Guidance on aspects of Greed



In Sanskrit aparigraha means the opposite of greed, that is, non-greed. However for the purposes of this book it is easier to look at the more familiar ideas of avarice*, covetousness* or more simply, greed for possessions. We are actually encouraged to envy other peoples possessions by advertisers these days. The idea is to get people to spend money on possessions in order to keep people employed, for example in manufacturing, transporting and selling things. However, if this leads to feelings of envy and discontentment, and to unnecessary use of resources, perhaps society needs to look at other ways of employing people.

Greed is a major problem in society today. For convenience we will look at two aspects of greed at this point in the book. The first concerns greed for possessions and the second, greed for food.

Regarding avarice, or the greed for possessions, in the past, for most people it was enough to have a roof over one’s head, a bed and a table to eat off. Only the very few possessed many beautiful things. These were considered to be the province of Rulers and the ‘Wise and the Good’. However, over the past two centuries it has become possible for most people in the developed world to fill their homes with innumerable articles, pieces of furniture, decorations and electrical goods to the extent that they do not appreciate what they do have. People are always wondering if they ought to have something better or more up to date, because that is what their neighbour or friend down the road has just acquired. People are being persuaded by advertising companies to feel embarrassed about what they do have, in order to get them to buy a newer model! This leads to an ever-increasing use of limited resources. If people asked themselves, “Do I really need this?” before buying yet more “stuff” they might be surprised to find how little they actually do need. One of the problems of owning a lot of stuff is the fear of losing it! In some areas peoples' homes have become like fortresses, with iron railings around them, guard dogs on duty and close circuit television to watch for intruders. We need to consider whether we are becoming slaves to our desires for material wealth and ask ourselves if this is a sensible way to live.

Many people, particularly people in the West, also consume food without regard for need. In countries such as Britain and the U.S.A. more people are over weight than the number of people who are at their normal, healthy weight. Why do people do this to themselves?

Sometimes it is because of a lack of education, or following a bad family habit. Sometimes people have genuine medical problems which cause obesity, but mostly it is caused by a lack of self-discipline. Often when people are bored or unhappy their minds turn to food for comfort. People may become care­less about their bodies, when they fail to recognise them as vehicles of the immortal soul. ‘Spiritual people’ can be gluttonous too. They may have decided that they are so keen to repeat the pleasures of tasting food and of having a full stomach that they cannot give up over eating. Many of these people will suffer painful illnesses as a result. What they are choosing to forget is that, in consuming too much, they are wasting useful resources.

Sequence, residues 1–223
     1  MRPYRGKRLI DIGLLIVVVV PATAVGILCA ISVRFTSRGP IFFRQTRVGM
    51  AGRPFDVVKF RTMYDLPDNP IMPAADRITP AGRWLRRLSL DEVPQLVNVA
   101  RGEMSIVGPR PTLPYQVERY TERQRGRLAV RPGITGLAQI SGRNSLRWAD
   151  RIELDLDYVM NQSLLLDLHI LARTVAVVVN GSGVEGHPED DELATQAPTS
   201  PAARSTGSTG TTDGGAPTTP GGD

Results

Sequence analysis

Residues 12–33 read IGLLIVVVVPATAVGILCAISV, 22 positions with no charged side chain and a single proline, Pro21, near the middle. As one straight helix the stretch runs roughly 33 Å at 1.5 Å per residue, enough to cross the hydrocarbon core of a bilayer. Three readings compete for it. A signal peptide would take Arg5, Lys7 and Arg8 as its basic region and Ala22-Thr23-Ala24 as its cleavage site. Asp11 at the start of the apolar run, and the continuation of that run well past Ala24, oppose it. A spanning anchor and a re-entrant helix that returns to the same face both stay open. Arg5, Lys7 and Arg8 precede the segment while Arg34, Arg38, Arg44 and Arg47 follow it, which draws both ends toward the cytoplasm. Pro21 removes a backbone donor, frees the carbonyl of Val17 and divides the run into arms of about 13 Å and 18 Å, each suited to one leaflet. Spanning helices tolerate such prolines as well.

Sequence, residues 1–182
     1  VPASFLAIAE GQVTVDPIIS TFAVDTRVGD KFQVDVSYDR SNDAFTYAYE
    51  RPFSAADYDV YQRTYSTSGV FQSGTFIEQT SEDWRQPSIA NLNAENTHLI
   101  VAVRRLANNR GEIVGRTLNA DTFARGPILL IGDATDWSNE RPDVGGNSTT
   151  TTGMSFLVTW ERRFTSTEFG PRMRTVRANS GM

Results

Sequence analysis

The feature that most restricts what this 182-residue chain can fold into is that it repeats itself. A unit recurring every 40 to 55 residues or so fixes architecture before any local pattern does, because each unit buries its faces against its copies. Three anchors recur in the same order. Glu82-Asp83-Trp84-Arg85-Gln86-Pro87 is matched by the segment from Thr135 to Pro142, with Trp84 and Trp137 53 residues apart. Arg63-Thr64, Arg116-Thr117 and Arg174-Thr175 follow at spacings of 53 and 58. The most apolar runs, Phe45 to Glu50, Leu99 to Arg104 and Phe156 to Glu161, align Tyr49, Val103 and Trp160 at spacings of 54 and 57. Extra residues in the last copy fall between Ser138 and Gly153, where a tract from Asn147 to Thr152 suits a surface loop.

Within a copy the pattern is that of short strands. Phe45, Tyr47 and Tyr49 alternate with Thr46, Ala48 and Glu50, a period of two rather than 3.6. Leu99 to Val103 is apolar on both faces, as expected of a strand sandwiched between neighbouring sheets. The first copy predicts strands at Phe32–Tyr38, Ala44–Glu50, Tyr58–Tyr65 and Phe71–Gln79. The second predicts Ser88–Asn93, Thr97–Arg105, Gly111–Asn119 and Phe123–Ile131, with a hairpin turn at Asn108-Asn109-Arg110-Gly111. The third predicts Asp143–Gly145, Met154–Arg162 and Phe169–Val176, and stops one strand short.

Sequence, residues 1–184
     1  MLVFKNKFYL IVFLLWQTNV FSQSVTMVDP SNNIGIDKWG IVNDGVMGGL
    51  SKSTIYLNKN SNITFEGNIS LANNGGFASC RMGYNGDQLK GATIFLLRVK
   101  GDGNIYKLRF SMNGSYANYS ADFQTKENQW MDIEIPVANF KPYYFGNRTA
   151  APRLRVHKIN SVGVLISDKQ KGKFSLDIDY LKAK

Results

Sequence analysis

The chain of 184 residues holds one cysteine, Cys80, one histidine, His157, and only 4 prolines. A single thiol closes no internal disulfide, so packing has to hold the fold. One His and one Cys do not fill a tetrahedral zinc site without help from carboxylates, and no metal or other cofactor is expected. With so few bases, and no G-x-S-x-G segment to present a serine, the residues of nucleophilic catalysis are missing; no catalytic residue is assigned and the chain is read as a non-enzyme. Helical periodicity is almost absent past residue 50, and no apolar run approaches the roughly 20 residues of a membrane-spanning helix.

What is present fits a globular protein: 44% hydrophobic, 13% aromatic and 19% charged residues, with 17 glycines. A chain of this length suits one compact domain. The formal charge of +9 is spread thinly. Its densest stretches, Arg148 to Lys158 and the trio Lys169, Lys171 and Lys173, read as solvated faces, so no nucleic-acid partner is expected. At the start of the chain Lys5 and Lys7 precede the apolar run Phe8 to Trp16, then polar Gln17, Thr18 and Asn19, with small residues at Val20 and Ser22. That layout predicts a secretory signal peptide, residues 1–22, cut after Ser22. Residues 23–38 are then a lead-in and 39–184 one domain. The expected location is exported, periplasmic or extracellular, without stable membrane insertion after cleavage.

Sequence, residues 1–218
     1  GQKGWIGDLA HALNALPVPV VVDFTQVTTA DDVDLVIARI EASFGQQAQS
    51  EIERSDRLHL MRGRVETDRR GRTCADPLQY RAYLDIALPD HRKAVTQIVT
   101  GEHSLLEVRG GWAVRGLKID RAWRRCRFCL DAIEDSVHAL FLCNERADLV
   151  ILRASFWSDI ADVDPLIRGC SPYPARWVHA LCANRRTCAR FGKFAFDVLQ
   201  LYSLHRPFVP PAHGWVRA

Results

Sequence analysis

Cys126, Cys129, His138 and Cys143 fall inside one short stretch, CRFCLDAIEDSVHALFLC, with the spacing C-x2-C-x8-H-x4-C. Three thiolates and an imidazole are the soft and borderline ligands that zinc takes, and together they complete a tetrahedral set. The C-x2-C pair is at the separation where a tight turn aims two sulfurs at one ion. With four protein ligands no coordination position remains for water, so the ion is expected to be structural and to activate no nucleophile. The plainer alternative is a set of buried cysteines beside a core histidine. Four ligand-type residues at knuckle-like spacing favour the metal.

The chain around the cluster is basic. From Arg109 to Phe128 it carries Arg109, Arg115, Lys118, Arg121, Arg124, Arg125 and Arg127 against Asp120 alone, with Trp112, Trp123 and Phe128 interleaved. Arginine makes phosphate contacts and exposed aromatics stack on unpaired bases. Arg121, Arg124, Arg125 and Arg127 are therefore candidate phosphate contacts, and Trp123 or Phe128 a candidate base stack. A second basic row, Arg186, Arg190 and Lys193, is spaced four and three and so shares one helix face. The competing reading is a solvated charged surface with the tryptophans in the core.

There is a strange disease of modern times, which involves people not eating enough and becoming extremely thin, it is called anorexia nervosa. Sometimes people eat and then deliberately vomit the food up afterwards. This is called bulimia. In these illnesses people do not seem to see what the mirror shows them. Sometimes they die from starvation, or damage to their organs through lack of nutrition. They may be doing this to try to look as slim as the fashion models appear to be, or to punish or 'control' themselves or someone else in their lives. It is a very dangerous condition. Young people need to find out what a healthy diet consists of and make sure they follow it as closely as they can. Yoga is not for those who eat too much or too little.

Although in the west some people who practise yoga do enjoy a glass of wine, many yoga practitioners do not drink alcohol at all, as they feel it interferes with the processes of the mind. They are not willing to have a ‘hangover’ the next day, after over indulging themselves. They enjoy feeling healthy and vibrant every morning. When one’s energies are flowing well, one does not need artificial stimulants such as coffee, alcohol, cigarettes or other drugs. All of these things can create a dependency and should ideally be avoided. Yogis do not want to be mastered by anything other than their own Higher Self.